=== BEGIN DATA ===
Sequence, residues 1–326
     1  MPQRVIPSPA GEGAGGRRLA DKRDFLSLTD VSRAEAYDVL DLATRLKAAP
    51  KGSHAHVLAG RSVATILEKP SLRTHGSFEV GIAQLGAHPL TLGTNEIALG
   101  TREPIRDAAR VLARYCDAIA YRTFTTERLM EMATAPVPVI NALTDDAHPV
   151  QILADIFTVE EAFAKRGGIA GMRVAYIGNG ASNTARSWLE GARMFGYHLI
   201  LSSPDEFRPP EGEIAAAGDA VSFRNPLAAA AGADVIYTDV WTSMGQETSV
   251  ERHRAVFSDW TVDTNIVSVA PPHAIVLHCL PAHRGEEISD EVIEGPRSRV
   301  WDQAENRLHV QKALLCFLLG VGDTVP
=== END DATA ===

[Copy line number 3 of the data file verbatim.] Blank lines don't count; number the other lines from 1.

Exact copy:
    51  KGSHAHVLAG RSVATILEKP SLRTHGSFEV GIAQLGAHPL TLGTNEIALG